Help the poorest gain incomes. Involving the migrants in the process of differentiation of the partnerships (increasing the aid to low-rate income countries and reducing the number of aid recipients in middle-rate income countries). This however could lead to a step ahead and open the doors for advise/consultations provided by the migrant experts and competent Diaspora organisations that could be also active in the political dialogue for PCD (migration, environment, agriculture, trade and financial policies of EU MS impacting the aid-recipients countries development).




Third Demand: Move from project to process-driven financial schemes and from charity to base and income-growth approach.


Donors shall adopt a change in the model of funding distribution by shifting from on a project-base granting to a process-driven approach focused on the addressed support to proved, selected and well-negotiated initiatives with the active involvement of the politicians, leaders migrants and decision-makers from the recipient communities/countries.

Ensuring that charity is replaced by a Human-Rights-based Approach for enabling the long-term programmes and active participation of all stakeholders. Migrants shall be given opportunities for promoting the advantages and potentials of their countries. Its worth mentioning that migrants shall be acting as ambassadors of their countries in order to be countering the “hidden exploitation of human unhappiness” through charity collections pinpointing the dangerous, miserable and negative pictures of the Global South. The positive image shall be however also balanced and true, and the poverty shall be presented through solution-driven concepts rather than a tool for gaining funds for charity projects.

Fourth Demand: Promote innovative funding and financial tools.


Initiate the discussion on how to trigger complementary co-financing through accumulating welfare funds from the pension and social security systems in the EU MS.  Initiating the dialogue between the employers of migrants and the national governments on how to capitalise on the payments to the social system, respectively the state charges that cannot be used by migrants once they are dismissed from work. Elaborating on how to convert the social security provisions into back-up funding for co-development projects.

Channel savings into productive investments ensure seed money/access to credits and provide migrants with a minimum return on their savings, promote remittance-backed loans, mortgages and business credits.

Fundraising initiatives based on communication with the banks. Promote financial inclusion of migrants by giving access to the banking system for migrant entrepreneurs who are receiving/collecting remittances (creation of bank account, credit history, etc.) and investing in the aid-recipient countries. Facilitate and reduce the costs of remittances through special rates of financial transactions.

By accepting the private financial institutions in the EU MS as development actors, their role shall be actively linked to the involvement of migrants in attracting and retaining private domestic and foreign investment and levering the private sector to deliver public goods;

Pooling finances, asking the private financial sector for corporate social responsible initiatives on development cooperation. For that purpose, we propose the EU MS Governments to introduce mechanisms for establishing Diaspora/migrants funds, PPP schemes between the financial institutions and state ODA authorities. This should lead to the development of more inclusive funding schemes based on the support of private initiative rather than one-off projects of NGOs ensuring no continuity at all.

Promoting the participation of migrant leaders and Diaspora organisations in the process of mediating favourable business environments and promoting EU MS business initiatives in the field of environment, IT, food processing, light industry, agricultural, industrial and innovation sectors.

Prioritising funding opportunities based on the active participation of migrants and diaspora organisations acting as guarantees for the sustainability of financial investments.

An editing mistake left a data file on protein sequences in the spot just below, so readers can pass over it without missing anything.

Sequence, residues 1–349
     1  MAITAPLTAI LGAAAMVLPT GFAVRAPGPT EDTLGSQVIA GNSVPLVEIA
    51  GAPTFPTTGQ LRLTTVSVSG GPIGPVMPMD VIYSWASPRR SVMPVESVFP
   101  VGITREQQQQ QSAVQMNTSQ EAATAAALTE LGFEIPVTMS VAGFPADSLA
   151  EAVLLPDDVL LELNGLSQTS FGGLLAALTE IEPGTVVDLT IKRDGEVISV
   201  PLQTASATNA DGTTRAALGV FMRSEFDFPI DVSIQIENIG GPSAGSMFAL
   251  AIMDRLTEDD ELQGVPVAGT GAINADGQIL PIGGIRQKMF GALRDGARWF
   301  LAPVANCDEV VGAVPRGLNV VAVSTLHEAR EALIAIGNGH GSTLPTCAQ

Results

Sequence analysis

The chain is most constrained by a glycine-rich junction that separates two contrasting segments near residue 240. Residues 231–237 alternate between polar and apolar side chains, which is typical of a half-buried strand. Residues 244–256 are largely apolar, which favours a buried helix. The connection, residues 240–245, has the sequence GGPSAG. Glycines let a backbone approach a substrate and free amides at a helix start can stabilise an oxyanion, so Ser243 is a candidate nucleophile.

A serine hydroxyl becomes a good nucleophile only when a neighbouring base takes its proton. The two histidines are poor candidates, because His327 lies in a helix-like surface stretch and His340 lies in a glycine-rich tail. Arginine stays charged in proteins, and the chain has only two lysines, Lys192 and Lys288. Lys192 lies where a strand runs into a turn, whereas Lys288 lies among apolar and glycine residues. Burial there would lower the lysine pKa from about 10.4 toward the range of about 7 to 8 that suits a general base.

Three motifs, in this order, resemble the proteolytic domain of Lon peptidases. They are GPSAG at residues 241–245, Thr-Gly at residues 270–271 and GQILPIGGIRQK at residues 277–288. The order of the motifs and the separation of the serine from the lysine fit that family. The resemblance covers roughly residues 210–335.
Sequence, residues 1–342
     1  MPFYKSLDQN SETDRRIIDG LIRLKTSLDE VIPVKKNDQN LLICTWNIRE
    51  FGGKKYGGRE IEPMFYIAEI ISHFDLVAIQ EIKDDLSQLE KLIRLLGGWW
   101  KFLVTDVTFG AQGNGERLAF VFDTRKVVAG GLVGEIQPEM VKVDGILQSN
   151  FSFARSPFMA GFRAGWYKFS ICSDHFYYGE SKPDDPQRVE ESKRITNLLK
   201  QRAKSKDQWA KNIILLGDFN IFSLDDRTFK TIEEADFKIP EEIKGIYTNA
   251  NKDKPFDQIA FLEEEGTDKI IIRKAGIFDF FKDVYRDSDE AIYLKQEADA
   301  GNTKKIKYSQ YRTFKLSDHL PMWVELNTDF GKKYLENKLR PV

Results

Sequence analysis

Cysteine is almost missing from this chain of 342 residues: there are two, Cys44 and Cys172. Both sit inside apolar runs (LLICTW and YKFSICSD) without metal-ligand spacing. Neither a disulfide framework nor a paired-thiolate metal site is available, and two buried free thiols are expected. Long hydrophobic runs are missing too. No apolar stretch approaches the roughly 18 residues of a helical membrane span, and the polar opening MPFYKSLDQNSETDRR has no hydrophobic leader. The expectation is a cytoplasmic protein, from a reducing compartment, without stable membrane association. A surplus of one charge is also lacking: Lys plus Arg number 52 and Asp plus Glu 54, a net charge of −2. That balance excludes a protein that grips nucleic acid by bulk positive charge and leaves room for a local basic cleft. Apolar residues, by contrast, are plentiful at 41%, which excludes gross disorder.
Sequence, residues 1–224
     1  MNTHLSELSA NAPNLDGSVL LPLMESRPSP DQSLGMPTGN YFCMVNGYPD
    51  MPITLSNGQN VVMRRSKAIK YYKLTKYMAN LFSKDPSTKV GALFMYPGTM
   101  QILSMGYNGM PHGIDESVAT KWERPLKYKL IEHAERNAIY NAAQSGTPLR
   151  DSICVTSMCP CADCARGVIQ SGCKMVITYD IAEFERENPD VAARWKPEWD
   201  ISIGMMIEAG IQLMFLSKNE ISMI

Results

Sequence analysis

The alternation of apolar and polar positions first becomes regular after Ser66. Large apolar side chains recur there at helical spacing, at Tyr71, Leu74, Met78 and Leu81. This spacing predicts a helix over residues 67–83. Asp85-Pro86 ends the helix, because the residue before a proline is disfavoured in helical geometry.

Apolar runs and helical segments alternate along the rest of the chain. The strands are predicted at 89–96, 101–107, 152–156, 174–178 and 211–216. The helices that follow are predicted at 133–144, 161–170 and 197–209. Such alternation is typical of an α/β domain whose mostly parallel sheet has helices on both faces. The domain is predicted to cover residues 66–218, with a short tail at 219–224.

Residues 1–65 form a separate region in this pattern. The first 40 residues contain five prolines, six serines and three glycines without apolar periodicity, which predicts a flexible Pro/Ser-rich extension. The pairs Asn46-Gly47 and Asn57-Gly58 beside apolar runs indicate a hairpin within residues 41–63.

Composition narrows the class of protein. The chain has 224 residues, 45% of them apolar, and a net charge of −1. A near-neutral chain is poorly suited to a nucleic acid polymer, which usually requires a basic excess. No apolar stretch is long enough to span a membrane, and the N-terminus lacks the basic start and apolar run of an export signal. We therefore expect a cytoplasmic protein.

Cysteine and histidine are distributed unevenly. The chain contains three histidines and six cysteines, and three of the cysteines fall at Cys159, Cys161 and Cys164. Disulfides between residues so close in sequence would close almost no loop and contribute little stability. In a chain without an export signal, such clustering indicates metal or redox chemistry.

Pooling donors’ finances on priorities initiatives. Call on the ministries and private donors for a closer cooperation in the process of pooling funding for the income growth.


Fifth Demand: Growth-thorough models engaging both Diaspora and EU MS researchers and economic entities.


Introduce effective co-financing schemes of ODA programmes in support of the entrepreneurs, SMEs, start-ups, job diversification, notably the small investments/income-generation/social firms. These schemes shall be stressing on the involvement of Diaspora.

Spur business initiatives through migrants: Strengthen the SME potentials by increasing the long-term strategic alliances between the Diaspora-connected entities focused on the special needs, strengths and weaknesses of women and vulnerable groups.

Ask the national development platforms and the EU-political platforms to promote the networking among all development stakeholders and migrant involved in the entrepreneurship schemes.

Request the experienced NGDO support projects based on the skills of migrants in setting up SMEs in aid-recipient countries. Purposely identify the specific needs, weaknesses and strengths of the women and vulnerable groups. Ask the development actors incorporate in their projects and initiatives more activities centered on bringing together the local entrepreneurs, business owners, and government officials with the Diaspora counterparts for community investments.


Sixth Demand: Modernise the “traditional” way of promoting development cooperation. Make politicians generate their political agenda on the positive advantages of the global mobility and development cooperation.


Promoting Diaspora and migrants. Regularly discuss with development actors, science institutions, schools, and local authorities how to acknowledge the development potential of Diaspora and their social remittances (intercultural, social and language competencies) acquired through migration. Advancing the positive-advantages: involvement in bilateral economic schemes, twinning projects, helping EU MS economic entities open to new markets, triggering jobs and etc.

Change the rules for accessing funding in order to enable Diaspora and leaders migrants take part into the distribution of funding based on the results-driven conditions. Initiate financial mechanisms involving migrants in already running initiatives or enabling them promote their own.

Apply the result-driven conditions and decrease of the administrative costs for the EU NGOs initiatives.